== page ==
Halifax Media Co-op

News from Nova Scotia's Grassroots

More independent news:
Do you want free independent news delivered weekly? sign up now
Can you support independent journalists with $5? donate today!
Advertisement

Preserving McNabs Island

Care of unique Halifax park rests mostly with volunteers

by Rebecca Zimmer

McNabs Island, a little bit of wildness just a twenty minute ferry ride from downtown Halifax. Do we realize how lucky we are? Photo Friends of McNabs Island Society
McNabs Island, a little bit of wildness just a twenty minute ferry ride from downtown Halifax. Do we realize how lucky we are? Photo Friends of McNabs Island Society
Yoga was just one of the many activities offered during the annual McNabs Island picnic. The event is organized by the Friends of McNabs Island Society, a group of volunteers who work hard to preserve the beautiful island in the mouth of Halifax Harbour   Photo Rebecca Zimmer
Yoga was just one of the many activities offered during the annual McNabs Island picnic. The event is organized by the Friends of McNabs Island Society, a group of volunteers who work hard to preserve the beautiful island in the mouth of Halifax Harbour Photo Rebecca Zimmer

KJIPUKTUK, (HALIFAX) - It is a place of mystery and wonder but it is also a bit of a charity case.

The Annual McNabs Island picnic last Saturday brought an estimated 460 locals and tourists to the beautiful island in the mouth of Halifax Harbour to participate in guided tours and activities.

The picnic was supported by some forty volunteers, members of the Friends of McNabs Island Society. Cathy McCarthy is one of those volunteers. She believes very little has been done by the government to support the island and its provincial park.

“There are really no resources going into McNabs Island...,” says McCarthy. “For the provincial department of Natural Resources the maintenance is very minimal, that's really all they do [is mow the grass].”

Many historic buildings and fortifications still remain on the island, which is almost entirely publicly owned. Fort Ives, Strawberry Battery and Fort McNab are part of the Halifax Defense Complex, the forts surrounding Halifax Harbour that protected the city during the War of 1812 and World Wars I and II with lookout points, gun mounts and anti-submarine netting.

Fort McNab, located near the McNab family cemetery is a National Historic site and is looked after by Parks Canada and is well preserved. But Fort Ives on the north tip of the island, as well as the century-old houses that still remain on the island are basically left to their own devices.

Midway King, Bill Lynch's childhood home still stands on the island. It is closed to the public and is slowly deteriorating.

“The Friends of McNab would like to get those houses to become registered as historic properties with the province so we are trying to work on that now,” says McCarthy.

Over the past 25 years, the Society has organized island clean-ups, published books and pamphlets about the history of the island and worked on trail upkeep to keep the island accessible to visitors. All that was accomplished solely through volunteer labour.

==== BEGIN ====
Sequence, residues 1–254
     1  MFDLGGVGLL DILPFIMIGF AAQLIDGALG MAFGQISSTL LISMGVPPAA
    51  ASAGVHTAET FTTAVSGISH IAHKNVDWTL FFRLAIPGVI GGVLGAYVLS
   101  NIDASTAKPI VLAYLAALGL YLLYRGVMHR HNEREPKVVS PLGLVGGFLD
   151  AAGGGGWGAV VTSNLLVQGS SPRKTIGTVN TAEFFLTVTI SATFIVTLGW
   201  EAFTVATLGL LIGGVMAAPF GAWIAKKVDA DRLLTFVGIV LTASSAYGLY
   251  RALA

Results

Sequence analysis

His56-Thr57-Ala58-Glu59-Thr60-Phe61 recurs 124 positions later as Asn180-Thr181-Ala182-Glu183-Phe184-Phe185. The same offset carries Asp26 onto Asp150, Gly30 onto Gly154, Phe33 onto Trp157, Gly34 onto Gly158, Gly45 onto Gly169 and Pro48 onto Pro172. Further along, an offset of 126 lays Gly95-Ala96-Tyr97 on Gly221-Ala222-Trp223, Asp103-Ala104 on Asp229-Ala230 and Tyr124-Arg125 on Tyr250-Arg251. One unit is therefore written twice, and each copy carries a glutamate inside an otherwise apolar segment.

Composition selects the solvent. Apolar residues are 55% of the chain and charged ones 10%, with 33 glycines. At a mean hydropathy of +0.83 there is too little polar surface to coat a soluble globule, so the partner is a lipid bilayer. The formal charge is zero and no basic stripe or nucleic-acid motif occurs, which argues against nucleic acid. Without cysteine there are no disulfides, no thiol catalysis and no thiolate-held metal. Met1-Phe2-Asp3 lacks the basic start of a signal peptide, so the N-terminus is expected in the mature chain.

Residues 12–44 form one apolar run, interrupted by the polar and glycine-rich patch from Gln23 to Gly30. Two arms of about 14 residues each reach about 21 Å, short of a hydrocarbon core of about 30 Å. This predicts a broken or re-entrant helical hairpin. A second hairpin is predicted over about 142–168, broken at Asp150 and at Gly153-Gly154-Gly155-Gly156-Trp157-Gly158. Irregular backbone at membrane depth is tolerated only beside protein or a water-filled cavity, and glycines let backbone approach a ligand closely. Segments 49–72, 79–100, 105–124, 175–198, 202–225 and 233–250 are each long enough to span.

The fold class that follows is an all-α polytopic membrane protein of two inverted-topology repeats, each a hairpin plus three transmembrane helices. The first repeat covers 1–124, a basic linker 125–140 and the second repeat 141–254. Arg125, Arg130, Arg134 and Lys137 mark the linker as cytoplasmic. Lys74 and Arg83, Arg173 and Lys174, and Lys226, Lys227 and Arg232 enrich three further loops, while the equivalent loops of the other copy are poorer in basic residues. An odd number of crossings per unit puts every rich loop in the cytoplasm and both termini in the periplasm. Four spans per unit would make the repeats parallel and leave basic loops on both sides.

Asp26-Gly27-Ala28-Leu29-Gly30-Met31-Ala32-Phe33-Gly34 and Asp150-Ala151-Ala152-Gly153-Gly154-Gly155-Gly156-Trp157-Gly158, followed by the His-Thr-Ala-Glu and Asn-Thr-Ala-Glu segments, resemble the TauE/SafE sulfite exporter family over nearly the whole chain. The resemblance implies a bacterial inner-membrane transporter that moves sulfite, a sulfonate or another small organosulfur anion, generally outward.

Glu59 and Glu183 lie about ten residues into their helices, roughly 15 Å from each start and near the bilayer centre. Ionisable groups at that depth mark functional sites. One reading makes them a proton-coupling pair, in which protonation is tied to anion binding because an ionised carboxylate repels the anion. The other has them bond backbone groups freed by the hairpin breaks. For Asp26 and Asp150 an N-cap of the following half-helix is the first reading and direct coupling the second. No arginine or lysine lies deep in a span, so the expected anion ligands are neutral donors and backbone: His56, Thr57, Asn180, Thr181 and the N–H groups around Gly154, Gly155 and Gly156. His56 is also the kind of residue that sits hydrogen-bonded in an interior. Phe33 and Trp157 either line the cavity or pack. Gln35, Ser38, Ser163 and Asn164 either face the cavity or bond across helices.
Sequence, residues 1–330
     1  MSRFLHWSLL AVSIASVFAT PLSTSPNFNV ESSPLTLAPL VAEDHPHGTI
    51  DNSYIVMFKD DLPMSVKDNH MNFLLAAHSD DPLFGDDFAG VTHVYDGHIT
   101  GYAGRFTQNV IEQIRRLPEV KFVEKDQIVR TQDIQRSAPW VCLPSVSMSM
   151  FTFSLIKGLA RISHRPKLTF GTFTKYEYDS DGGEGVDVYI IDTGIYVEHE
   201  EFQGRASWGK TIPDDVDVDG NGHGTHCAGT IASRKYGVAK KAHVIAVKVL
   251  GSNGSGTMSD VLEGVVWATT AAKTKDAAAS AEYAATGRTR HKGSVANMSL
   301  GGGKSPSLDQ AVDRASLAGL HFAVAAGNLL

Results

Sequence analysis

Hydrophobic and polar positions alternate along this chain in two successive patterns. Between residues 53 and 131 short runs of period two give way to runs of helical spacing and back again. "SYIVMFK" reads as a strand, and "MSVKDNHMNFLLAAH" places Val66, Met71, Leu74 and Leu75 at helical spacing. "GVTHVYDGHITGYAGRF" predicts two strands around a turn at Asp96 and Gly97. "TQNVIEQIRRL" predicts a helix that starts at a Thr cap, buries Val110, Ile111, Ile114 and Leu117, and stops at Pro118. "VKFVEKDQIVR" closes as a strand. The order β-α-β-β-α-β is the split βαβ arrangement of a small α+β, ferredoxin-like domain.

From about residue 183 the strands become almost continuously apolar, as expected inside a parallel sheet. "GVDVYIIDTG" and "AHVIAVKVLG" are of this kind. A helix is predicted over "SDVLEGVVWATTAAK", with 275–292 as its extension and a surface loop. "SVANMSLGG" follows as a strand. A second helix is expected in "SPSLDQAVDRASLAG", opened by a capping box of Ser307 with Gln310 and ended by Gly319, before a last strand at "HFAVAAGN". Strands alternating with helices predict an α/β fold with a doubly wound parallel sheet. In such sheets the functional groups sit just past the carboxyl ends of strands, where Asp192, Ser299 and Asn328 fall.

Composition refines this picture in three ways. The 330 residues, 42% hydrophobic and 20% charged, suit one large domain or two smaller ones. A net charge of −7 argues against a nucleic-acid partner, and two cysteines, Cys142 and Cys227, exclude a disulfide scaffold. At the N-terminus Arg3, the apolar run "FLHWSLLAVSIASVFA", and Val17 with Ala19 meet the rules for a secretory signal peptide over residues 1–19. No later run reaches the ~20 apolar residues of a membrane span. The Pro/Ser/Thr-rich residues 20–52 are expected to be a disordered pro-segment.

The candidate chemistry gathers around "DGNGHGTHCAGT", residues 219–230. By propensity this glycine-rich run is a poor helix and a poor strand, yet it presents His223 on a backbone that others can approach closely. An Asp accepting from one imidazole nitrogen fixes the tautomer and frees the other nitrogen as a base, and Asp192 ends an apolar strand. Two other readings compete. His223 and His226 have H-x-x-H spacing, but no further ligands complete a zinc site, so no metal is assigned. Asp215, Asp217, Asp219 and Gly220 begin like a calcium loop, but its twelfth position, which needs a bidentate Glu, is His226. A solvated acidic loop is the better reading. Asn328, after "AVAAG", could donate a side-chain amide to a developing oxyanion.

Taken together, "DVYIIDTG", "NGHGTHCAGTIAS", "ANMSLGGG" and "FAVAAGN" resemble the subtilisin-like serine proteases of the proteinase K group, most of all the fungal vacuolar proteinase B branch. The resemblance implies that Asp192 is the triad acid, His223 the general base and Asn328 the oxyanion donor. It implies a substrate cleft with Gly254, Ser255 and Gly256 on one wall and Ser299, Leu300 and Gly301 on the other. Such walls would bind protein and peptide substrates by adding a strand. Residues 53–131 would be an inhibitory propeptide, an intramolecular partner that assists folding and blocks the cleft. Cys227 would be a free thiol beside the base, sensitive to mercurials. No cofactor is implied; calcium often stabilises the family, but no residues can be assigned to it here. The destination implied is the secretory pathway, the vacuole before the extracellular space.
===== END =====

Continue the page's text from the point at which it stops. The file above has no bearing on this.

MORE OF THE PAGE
Since 2010 visitors have been welcomed by two summer students, paid for through government funding.

A new information centre took two years to complete, with all the grant proposals, information panels, research, photographs, and contract work shouldered by the Society. “There is a lot of room for more improvements because a lot of the trails need extensive work and we just haven't had time to get going on any of those,” McCarthy says.

Brian Kinsmen with the provincial Department of Natural Resources says that with 130 provincial parks in Nova Scotia government has to prioritize.

“In some years we are able to invest in McNabs, in other years our priorities may be elsewhere,” Kinsmen writes in an email.

In recent years, the priority was to purchase back the few remaining private properties and this year the department will be investing $80,000 for maintenance of the main homes, says Kinsmen.

The provincial government works very closely with the Friends and it, “very much appreciates their dedication to protecting island resources and enhancing visitor experiences.”

But there are some things the Friends cannot do on their own.

Enforcement is something that Department of Natural Resources has to deal with. With a lot of public traffic and minimal official presence on the island, provincial park rules are not properly enforced, says Society board member Dachia Joudrey.

“It's very disconcerting to come here after you've done beach cleanup and you see people leave their garbage behind.”

“Some people who live in Halifax have never been here,” says Joudrey. “And I think people forget the importance of this place.”

 


Socialize:
Want more grassroots coverage?
Join the Media Co-op today.
Topics: Environment
586 words

Advertisement

User login


Google+
Subscribe to the Dominion $25/year

The Media Co-op's flagship publication features in-depth reporting, original art, and the best grassroots news from across Canada and beyond. Sign up now!